Next you try to figure out which bones belong to the arms. You find the two long upper arm bones (You hope—maybe they’re lower leg bones?), and the four shorter forearm bones. OK, but when you try to figure out the wrists and hands you get stuck and confused—and you worry that you are mixing some toe-bones into the pile of finger-bones. And how do you know left arm from right?
You are beginning to realize that your Experiment Instructions were not so complete after all, because all the parts you need are not in the box. One absolutely essential part of the Skeletal System is missing. Have you figured out the problem? You’re right. You are missing the map, the picture of a skeleton that you must have. All the parts were not in the box.
The missing part is the relationships among all these bones, how they go together, or articulate. You may have heard an old song about this map: “the leg bone’s connected to the knee bone, the knee bone’s connected to the thigh bone, the thigh bone’s connected to the hip bone,” and so on. You have to know what goes where.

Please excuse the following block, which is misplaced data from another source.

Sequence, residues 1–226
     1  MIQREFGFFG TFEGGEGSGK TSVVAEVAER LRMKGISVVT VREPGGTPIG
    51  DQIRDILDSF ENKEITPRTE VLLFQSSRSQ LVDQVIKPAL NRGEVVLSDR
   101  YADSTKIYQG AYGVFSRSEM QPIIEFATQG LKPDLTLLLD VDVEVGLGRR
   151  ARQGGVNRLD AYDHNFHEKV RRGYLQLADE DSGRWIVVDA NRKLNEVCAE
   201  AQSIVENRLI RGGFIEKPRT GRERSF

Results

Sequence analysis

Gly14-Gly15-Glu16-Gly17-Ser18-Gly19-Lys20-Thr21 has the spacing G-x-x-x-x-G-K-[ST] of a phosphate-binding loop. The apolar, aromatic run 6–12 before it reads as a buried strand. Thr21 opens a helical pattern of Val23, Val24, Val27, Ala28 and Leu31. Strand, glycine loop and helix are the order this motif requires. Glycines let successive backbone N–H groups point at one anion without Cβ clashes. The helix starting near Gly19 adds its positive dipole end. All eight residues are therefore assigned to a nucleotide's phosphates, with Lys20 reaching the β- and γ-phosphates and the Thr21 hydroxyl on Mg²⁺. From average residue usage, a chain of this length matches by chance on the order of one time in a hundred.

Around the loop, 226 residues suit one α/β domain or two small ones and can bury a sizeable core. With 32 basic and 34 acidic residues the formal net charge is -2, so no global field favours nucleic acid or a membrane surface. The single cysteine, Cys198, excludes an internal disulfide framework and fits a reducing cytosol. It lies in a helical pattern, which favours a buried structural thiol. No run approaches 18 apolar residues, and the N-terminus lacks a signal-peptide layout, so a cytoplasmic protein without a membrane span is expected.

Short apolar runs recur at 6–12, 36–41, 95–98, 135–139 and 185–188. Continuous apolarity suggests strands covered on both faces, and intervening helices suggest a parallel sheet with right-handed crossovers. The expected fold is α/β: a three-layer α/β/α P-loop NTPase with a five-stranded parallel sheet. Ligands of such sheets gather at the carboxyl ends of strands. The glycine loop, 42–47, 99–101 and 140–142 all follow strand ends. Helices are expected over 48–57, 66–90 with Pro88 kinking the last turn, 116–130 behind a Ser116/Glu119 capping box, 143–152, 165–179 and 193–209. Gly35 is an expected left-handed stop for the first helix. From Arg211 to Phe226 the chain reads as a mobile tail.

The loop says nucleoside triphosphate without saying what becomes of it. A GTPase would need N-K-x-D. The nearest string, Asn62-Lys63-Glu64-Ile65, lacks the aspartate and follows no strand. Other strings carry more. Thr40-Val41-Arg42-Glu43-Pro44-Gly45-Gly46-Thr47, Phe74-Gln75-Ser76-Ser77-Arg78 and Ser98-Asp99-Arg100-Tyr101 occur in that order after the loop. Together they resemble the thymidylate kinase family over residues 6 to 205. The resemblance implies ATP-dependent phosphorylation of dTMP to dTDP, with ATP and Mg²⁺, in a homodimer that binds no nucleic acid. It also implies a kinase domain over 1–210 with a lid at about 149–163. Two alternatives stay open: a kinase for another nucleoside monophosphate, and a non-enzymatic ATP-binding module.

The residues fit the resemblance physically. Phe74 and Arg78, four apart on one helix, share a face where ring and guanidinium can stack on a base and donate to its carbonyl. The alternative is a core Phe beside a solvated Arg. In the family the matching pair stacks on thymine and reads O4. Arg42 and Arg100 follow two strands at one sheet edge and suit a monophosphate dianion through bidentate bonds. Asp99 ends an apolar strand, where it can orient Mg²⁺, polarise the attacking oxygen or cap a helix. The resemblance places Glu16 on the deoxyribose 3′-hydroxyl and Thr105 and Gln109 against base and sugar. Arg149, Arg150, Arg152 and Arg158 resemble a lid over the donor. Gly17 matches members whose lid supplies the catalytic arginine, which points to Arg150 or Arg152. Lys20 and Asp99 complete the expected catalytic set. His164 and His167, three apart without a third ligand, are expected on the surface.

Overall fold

But even with the map, we won’t have the whole of the skeletal system. The skeletal system is a sub–whole which looks up to the whole body, right? Then it probably has some job to do in the whole body that we cannot see unless we are looking up, at the context of the entire body.
We can have every bone and every tendon, ligament and cartilage, plus the map, all of that—but we will still not have the fact that the marrow of bone is the organ which creates red blood cells. So our skeletons do much more than hold us up. They make the part of our blood that carries oxygen.
Most sub–wholes in Nature have jobs within their larger wholes we just can’t discover from observation.
The properties of whole systems cannot be predicted from their parts. For example, the taste of sugar is not present in the carbon and hydrogen atoms which are its parts. The taste of sugar is a property of the system called the sugar molecule. It emerged into existence only when its sub wholes (the atoms) combined into a larger whole (the sugar molecule). Properties or characteristics of systems which emerge into existence as sub-wholes combine to form wholes known as emergent properties.